But my growing theory of most churches is that when churches become so inwardly focused, we can produce the fruit of knowledgable but usually negative and critical people always pointing out the wrongs in everything. Or when we become so outwardly focused, we can become shallow theologically and produce Christians who barely know the Bible. Or when we become so felt-needs and methodology focused , we can produce consumer Christians who end up depending on which church best meets their needs which produces a bigger and better cycle for the church leaders to deal with. All of these things can produce a people who aren’t seeing themselves as missional Christians being the church throughout the week – but people who have faulty (in my opinion) definitions of church and then they “go to church” for meeting the faulty expectations we have set up for them to define “church” by.
In my recent post on Traditional vs. Emergent churches, I called for balance between the “Faith in Jesus” and “Faith of Jesus”.Â Dan seems to echo this in his comments about inward-focused (which seems to be similar to ‘traditional’, in my terminology) and outward-focused (which seems to be similar to ‘emergent’, in my terminology).Â He adds this third element, which I had not figured in at all, around ‘felt-needs’ (what I would see as the extreme ‘Purpose Driven’ model).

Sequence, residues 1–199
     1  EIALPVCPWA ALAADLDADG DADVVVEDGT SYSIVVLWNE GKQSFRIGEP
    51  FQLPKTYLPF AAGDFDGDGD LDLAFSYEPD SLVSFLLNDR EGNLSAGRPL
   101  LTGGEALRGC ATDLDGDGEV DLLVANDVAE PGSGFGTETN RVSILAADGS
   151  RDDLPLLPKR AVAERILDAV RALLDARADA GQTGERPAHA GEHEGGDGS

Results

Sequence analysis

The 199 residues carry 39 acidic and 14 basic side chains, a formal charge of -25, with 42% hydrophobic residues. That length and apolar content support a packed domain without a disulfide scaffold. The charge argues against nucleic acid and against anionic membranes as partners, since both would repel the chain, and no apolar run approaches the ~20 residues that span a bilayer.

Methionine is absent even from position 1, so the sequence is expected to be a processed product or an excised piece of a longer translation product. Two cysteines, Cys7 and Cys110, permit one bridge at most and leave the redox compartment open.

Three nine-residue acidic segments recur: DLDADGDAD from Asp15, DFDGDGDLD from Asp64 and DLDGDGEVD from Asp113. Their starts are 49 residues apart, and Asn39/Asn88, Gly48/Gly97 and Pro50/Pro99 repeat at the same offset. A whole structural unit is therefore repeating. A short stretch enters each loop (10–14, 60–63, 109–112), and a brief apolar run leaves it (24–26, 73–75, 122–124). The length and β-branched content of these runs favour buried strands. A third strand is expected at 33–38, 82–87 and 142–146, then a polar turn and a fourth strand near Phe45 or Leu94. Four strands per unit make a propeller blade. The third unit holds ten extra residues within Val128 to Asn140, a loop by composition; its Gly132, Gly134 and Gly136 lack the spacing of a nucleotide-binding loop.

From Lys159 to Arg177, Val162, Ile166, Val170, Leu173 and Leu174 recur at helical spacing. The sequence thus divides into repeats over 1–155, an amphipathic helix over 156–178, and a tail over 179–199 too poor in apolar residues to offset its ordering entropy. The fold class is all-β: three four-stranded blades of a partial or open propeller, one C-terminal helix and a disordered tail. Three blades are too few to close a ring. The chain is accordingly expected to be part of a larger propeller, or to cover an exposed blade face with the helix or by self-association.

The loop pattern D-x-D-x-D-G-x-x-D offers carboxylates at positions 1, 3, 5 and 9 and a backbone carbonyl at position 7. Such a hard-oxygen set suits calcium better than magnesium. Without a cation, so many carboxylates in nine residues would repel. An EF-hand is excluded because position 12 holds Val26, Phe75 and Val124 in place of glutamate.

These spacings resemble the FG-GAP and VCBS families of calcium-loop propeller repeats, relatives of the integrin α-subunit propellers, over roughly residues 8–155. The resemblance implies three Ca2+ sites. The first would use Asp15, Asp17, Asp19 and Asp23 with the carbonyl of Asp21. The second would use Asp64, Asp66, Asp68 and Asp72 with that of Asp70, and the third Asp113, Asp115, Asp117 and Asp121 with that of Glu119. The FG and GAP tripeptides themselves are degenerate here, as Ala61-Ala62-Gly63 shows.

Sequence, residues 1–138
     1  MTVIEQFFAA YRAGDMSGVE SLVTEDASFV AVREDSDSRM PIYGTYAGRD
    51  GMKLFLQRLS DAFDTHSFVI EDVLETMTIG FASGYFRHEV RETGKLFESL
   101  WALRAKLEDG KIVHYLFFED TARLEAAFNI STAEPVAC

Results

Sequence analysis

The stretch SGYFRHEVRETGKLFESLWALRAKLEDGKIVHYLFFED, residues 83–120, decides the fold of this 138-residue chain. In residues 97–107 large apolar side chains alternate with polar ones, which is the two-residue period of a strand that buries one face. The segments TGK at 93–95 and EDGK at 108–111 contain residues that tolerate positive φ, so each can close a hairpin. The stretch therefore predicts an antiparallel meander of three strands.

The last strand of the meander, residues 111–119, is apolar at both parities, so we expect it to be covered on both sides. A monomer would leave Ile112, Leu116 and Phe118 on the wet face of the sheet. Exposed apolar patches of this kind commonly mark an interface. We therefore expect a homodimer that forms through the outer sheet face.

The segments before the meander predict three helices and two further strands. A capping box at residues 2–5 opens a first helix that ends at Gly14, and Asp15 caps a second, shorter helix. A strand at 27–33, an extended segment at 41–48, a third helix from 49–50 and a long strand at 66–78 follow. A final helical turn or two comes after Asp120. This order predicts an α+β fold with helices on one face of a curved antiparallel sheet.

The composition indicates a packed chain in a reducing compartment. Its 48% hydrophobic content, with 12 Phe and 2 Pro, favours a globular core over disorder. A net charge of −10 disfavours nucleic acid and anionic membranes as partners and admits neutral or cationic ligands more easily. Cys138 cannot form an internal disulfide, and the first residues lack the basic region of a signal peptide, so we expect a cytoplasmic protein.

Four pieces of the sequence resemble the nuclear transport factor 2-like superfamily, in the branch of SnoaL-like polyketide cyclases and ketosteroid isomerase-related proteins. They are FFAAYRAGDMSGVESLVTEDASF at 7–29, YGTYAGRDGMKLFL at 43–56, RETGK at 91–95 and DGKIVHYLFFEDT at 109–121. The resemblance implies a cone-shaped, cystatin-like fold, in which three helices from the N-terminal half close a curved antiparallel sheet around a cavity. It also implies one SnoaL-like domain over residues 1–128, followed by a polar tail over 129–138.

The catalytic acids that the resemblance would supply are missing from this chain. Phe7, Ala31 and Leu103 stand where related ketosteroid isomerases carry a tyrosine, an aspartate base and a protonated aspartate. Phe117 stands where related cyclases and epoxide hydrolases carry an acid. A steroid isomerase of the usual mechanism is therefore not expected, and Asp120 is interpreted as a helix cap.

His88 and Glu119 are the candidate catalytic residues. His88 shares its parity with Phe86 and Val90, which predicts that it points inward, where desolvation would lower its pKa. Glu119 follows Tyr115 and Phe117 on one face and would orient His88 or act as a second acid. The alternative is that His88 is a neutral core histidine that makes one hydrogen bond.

As I’ve pondered this and slept on it, I am starting to see somewhat of a four-quadrant model that balances directional focus (inward vs. outward) and needs (Eternal (”spiritual needs”)Â vs. Temporal (”felt needs”)).Â It is kind of like the diagram to the right.
What seems to be occurring with these different models is that, as Kimball has noted, when left to their own devices, they tend to pull away from the center, toward the extremes.Â In doing so, they open themselves to criticism from other “models”.
As Bob Hyatt noted the other day in his Next-Wave editorial, the pendulum is currently swinging toward the ‘Emergent’ quadrant, which (as would be expected) has lead to a great deal of consternation from the ‘Fundamentalist/Traditional’ one (since it has an opposite emphasis on needs and focus).Â While I am comfortable with the general direction of that movement (toward the center), I don’t know that I would maintain that level of ‘comfort’ once the middle is crossed.Â As I (and others) have noted, generally speaking, the Emergent conversation is primarily being driven by less mature leadership than the more established movements, ironically supported by a great deal of scholarship about the culture in which the scriptures were written (in some cases, because parts of this scholarship challenge some traditional (but non-essential) views).
What can be done?
I see at least two currents working in favor of balance: